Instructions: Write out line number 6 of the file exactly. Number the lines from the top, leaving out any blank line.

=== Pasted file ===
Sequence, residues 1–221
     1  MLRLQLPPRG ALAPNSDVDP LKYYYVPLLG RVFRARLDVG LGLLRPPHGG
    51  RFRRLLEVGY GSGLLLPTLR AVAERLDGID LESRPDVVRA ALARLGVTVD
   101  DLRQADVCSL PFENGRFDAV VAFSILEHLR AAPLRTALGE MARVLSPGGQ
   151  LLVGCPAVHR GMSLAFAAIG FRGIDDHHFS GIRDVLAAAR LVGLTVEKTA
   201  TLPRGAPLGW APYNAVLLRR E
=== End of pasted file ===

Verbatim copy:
   201  TLPRGAPLGW APYNAVLLRR E